“He said he wanted to come here, and I wasn’t sure that it would happen in the end with the Oregons and Washingtons and UCLAs and people who are somewhat right there,” Gundy said. “But he stayed with us from day one, and we had a great relationship with his family.”
Family atmosphere and the “Cowboy Culture” is something Gundy has always stressed in Stillwater. And he was able to share that with Hubbard’s family as they descended on Stillwater to watch him in his first college football game against Missouri State.
“I was pleased because they felt like this was by far the best choice for him, and they were glad that he did redshirt last year,” Gundy said.
High school heroics
The Legend of Chuba Hubbard: High School Hero was born in the playoffs his senior season.
Taking a helmet to his left leg in the Alberta Tier 1 provincial championship, Hubbard felt a pain and had an athletic trainer work on his muscle on the sideline thinking it was a mere cramp. He got taped up, and sent back in to finish with 133 rushing yards for the game.
Only after did he find that he had suffered a fibula fracture, and still continued to play through the pain.
“I knew it was a little more than a cramp, but I told them to tape it up and we’ll see what happens,” Hubbard said. “… Adrenaline was going, and you can really do a lot in the moment. I still wish I could have done more to help my team get a win that day.”
Redshirting his first year in Stillwater not only allowed him to adjust to living 2,000 miles away from home, but also to rehab and strengthen his left leg before going through the rigors of Division I college football.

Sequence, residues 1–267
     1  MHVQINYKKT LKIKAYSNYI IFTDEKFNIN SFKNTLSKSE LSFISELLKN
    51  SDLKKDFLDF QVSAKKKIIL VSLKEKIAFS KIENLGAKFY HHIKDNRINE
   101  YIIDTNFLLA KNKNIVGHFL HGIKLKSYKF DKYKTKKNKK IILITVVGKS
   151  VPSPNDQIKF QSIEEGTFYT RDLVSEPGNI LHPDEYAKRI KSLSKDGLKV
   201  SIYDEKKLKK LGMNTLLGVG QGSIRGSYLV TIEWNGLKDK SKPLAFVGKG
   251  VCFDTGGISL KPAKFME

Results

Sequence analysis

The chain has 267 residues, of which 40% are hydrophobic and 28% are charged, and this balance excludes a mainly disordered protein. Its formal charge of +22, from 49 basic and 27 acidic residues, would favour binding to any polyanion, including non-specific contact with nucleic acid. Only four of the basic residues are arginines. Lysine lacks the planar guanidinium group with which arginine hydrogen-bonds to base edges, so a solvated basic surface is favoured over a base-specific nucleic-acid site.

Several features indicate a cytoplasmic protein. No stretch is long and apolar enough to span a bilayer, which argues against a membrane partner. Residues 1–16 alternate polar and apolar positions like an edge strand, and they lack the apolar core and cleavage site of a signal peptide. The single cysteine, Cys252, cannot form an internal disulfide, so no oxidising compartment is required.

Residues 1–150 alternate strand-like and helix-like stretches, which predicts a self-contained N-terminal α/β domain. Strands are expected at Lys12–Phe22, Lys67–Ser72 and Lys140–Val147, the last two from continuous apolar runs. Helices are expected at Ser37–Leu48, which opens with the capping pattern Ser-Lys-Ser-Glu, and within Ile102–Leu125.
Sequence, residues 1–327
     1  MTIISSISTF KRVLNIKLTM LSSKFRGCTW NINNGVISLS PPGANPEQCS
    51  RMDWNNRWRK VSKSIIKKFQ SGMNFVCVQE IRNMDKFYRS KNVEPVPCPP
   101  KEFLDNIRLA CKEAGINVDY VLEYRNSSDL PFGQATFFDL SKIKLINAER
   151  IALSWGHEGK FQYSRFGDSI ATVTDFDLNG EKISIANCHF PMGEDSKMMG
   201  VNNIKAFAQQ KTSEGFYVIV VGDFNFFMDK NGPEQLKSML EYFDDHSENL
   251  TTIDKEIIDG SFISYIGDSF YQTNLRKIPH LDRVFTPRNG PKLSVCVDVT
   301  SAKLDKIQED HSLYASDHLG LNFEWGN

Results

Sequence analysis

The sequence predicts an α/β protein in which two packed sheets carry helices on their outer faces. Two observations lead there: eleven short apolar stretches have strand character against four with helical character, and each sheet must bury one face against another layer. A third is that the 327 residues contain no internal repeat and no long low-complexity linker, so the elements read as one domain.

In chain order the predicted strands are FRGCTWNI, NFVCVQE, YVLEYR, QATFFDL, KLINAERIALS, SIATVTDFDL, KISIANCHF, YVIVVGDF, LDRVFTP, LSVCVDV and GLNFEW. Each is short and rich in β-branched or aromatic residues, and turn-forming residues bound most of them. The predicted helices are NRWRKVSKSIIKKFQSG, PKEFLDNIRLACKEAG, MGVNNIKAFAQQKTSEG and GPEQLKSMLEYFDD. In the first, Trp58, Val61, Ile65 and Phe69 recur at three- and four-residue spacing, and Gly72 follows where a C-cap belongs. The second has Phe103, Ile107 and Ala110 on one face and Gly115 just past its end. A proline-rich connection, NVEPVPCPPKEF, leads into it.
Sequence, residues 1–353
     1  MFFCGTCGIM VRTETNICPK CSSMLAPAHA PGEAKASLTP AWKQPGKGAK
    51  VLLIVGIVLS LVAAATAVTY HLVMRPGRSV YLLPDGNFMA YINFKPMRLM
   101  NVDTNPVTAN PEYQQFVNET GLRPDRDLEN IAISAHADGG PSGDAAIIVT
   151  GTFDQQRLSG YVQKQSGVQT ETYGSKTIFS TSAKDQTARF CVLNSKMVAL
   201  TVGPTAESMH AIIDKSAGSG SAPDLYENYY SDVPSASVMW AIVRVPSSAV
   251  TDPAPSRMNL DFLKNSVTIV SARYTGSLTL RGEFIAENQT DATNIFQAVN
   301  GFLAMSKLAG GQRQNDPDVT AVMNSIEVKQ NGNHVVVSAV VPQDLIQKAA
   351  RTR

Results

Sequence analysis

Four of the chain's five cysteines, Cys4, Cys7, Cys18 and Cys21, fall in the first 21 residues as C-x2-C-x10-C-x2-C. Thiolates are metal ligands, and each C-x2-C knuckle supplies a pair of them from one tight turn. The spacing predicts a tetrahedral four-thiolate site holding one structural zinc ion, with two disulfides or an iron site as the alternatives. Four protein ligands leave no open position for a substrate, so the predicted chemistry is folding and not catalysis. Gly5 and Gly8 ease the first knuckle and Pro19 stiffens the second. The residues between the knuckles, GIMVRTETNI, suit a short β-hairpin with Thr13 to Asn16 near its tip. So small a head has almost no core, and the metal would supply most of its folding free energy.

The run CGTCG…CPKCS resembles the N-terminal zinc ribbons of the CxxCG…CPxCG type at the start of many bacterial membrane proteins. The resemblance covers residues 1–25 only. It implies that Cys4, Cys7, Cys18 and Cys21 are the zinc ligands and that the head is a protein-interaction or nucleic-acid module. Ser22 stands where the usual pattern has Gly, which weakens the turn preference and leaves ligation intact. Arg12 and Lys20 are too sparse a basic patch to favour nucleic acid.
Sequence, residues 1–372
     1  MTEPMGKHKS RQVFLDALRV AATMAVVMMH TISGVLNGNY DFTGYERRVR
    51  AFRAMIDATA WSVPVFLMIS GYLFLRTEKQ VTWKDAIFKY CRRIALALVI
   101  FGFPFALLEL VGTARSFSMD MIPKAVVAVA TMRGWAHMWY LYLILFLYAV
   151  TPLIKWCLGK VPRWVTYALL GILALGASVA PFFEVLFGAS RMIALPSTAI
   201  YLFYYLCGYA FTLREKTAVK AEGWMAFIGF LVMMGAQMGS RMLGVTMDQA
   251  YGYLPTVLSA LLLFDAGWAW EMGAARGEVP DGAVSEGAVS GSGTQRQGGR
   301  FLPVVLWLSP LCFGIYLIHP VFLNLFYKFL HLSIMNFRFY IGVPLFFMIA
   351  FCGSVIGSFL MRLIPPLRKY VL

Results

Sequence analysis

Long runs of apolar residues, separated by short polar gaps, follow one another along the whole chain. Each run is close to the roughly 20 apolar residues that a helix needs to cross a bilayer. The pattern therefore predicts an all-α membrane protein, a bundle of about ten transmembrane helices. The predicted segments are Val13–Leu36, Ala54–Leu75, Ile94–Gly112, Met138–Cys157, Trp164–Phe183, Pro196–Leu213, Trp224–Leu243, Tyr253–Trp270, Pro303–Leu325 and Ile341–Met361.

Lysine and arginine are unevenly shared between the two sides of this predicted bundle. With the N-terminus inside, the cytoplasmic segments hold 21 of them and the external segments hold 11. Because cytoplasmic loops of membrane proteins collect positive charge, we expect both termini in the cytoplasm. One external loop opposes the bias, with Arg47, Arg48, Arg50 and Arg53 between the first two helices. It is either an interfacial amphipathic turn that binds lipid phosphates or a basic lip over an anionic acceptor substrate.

“I definitely had some pain, and used to have to wear a sleeve on it,” Hubbard said. “… I think the redshirt really helped me strengthen myself and learn a lot of things.”
Fortunately for Hubbard, and the Cowboy coaching staff, there wasn’t necessarily a need to run the Canadian star out on the field.
With starter Justice Hill handling 64 percent of the rush attempts by running backs last season, and solid backup options in J.D. King (99 carries for 469 yards) and LD Brown (34 carries for 236 yards), there wasn’t the need to rush the rookie running back out onto the field.
“We could’ve played (Hubbard) last year,” Gundy said. “It’s not always easy if a young man is eager to play to tell them, ‘You need to grow a little bit,’ but it has worked out really well for us. I’m glad that he got as many opportunities as his did the other night (in the opener against Missouri State).”
Those opportunities gave OSU fans – as well as the Cowboy coaching staff – a glimpse into what the feature holds once Hill heads on to the NFL.
In his first game, working as a backup, Hubbard had seven carries for 42 yards along with three catches for 65 yards – including a 54-yard touchdown catch and run, which was the longest by an OSU running back since 2011. He also had a 42-yard kickoff return, the longest since Barry J. Sanders had a 56-yard return in the 2016 Bedlam game.
For his performance, he was named the Big 12 Conference’s Co-Newcomer of the Week for the opening weekend of the season.